Exploring Google DeepDream and getting nice images

Exploring Google DeepDream and getting very cool results. My experiences and modifications to the source code.

Playing around with Google’s DeepDream and how to get best results

In this Blog post I would like to explore Google DeepDream and report about my experiences with it.

Introduction to Google DeepDream

Google DeepDream is an open source program, created by Google, which uses a convolutional neural networks (CNN’s) to find and enhance patterns in images.

This can lead to very cool-looking results.

What I like about Google DeepDream is that it provides a very visual approach and representation of an, otherwise, very abstract topic.

In this Blog post I will share some of my results and settings which I used.

The source image

I used an image (which I took myself) of clouds:

source image as input for Google DeepDream

My source image, input for DeepDream

In my experience the image dimension should be somewhere between 700 pixels sq and 200 pixels sq (not necessarily square, of course). Large images take an extremely long time to process, but can also provide really beautiful results.

Also, the size of the Dream stuff doesn’t scale with the image (probably depends on the trained model).

Intrestingly enough, images with clouds tend to be most interesting. Humans do also tend to interpret different things when looking at clouds, so that’s a nice parallel.

My results

Here are some of my favourite results I got:

DeepDream output 1

Default settings

This is done, basically with the default settings of Google (but used 98 iterations)

make_step(net, step_size=1.5, end='inception_4c/output', jitter=32, clip=True, objective=objective_L2)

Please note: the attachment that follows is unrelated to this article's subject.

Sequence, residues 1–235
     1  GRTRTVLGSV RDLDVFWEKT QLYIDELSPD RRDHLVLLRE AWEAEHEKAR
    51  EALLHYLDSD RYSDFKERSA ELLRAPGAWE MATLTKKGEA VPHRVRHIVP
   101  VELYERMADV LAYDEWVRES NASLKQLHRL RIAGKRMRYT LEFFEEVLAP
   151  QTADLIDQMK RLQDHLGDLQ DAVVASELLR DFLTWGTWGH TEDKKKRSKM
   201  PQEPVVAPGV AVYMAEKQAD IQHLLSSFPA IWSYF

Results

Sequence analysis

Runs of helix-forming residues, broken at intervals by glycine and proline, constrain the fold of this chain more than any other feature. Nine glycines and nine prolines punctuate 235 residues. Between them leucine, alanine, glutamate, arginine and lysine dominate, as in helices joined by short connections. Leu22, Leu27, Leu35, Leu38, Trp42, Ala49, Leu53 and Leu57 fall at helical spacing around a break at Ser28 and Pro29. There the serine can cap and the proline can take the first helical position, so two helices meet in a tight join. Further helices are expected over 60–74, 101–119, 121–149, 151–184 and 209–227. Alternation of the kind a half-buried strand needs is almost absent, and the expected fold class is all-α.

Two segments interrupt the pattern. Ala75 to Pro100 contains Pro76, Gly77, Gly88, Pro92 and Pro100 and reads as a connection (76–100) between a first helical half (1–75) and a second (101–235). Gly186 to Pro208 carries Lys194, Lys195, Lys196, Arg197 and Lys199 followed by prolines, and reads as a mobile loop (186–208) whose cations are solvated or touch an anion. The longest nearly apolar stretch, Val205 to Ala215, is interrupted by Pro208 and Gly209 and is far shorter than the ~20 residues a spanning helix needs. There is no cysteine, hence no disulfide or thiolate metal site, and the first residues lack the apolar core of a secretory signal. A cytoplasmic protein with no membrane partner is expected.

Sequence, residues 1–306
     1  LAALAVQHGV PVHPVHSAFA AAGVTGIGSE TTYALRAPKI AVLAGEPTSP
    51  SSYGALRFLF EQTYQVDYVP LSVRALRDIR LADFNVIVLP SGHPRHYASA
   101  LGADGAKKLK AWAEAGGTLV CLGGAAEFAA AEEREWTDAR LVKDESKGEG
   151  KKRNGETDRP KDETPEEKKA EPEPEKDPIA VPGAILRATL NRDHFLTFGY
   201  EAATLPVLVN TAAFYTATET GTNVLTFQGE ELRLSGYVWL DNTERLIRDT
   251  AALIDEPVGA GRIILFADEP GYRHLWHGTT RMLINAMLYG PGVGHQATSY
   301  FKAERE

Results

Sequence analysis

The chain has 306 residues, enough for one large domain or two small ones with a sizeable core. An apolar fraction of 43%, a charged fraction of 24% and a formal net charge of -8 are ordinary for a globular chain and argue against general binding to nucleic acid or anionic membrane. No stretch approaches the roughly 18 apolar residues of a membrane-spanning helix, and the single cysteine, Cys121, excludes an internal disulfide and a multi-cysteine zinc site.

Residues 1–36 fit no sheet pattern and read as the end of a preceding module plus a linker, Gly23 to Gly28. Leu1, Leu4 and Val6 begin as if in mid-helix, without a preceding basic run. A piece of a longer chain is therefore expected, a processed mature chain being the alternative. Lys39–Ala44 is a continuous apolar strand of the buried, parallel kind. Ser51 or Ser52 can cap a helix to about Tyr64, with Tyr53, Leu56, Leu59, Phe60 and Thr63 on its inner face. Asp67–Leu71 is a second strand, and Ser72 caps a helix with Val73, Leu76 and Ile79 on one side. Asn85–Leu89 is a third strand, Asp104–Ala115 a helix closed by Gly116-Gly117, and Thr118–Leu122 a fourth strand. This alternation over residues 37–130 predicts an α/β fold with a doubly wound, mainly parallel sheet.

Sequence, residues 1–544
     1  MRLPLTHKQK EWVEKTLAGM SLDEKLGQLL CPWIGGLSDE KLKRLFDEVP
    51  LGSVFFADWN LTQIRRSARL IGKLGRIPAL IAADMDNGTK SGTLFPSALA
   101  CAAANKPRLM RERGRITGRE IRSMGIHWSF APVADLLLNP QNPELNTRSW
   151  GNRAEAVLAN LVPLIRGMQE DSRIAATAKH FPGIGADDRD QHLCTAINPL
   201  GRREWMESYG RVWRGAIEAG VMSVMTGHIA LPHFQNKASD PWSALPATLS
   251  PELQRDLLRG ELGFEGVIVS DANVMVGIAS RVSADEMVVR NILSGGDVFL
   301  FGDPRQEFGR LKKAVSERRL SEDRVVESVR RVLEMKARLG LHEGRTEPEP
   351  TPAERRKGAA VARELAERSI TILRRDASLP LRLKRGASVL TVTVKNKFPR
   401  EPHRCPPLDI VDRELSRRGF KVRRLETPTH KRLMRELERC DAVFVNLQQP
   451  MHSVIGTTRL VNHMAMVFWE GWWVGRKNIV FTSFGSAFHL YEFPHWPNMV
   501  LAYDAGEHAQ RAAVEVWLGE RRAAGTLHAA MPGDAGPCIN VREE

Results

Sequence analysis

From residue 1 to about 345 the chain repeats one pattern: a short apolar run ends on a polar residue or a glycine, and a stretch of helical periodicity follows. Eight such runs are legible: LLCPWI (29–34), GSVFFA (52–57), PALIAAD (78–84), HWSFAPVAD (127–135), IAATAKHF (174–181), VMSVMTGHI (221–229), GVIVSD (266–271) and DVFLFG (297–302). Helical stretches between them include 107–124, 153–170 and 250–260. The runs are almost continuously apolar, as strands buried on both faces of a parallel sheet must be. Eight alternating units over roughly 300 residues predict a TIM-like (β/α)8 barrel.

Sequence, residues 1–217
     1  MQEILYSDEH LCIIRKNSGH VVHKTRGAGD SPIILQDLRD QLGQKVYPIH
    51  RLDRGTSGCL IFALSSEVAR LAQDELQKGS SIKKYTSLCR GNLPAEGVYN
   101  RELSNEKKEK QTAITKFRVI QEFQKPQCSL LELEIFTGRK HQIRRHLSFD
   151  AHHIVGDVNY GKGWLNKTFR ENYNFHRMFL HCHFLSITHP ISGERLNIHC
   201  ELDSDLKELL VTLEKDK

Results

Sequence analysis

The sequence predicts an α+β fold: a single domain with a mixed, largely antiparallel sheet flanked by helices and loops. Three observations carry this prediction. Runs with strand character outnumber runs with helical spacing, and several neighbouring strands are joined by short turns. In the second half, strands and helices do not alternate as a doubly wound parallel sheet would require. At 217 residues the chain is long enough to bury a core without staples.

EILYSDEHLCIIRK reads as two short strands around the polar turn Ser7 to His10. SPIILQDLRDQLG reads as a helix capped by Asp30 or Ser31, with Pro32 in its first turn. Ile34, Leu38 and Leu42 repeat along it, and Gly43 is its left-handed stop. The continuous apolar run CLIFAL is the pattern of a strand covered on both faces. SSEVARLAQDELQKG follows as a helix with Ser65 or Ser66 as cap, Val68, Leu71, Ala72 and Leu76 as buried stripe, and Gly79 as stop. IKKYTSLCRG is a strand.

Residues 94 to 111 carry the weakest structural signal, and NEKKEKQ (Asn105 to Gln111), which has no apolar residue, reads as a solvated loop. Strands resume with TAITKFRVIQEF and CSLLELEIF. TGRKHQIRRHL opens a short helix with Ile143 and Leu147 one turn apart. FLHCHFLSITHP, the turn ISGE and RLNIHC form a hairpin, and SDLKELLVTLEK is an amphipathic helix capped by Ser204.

deepdream(net, base_img, iter_n=11, octave_n=4, octave_scale=1.4, 
          end='inception_4c/output', clip=True, **step_params)

DeepDream output 2

Layer: end=‘inception_4b/output’

Whilst you can see in the first image more or less complete dogs, here it’s more ears and eyes. This makes sense, as it’s a ‘lower level layer’.

DeepDream output 3

Layer: end=‘inception_5a/output’

This yields a very abstract result. Probably my favourite. This particular picture used 123 iterations (more on that later).

DeepDream output 4

Layer: end=‘inception_5b/output’

Well, I leave this one to you.

Note: I had to down-scale these images, so that this site loads a bit faster :P I hope that’s ok

Modifications to the source code

The only modification I made was to ’re-dream’ every image (quite a large number of times).

This helps to get a more vivid result.

Here is the script I made (it saves every iteration, so you can make a nice .gif or something later). Also, it doesn’t crash due to memory issues.


for i in xrange(somenumber):
    frame = deepdream(net, frame)
    PIL.Image.fromarray(np.uint8(frame)).save("output/%04d.jpg"%frame_i)
    frame = np.float32(PIL.Image.open('output/%04d.jpg'%frame_i))
    frame_i += 1
    

Conclusion

I personally like this topic very much. Will probably write other blog posts about this too (for example, about using different models).

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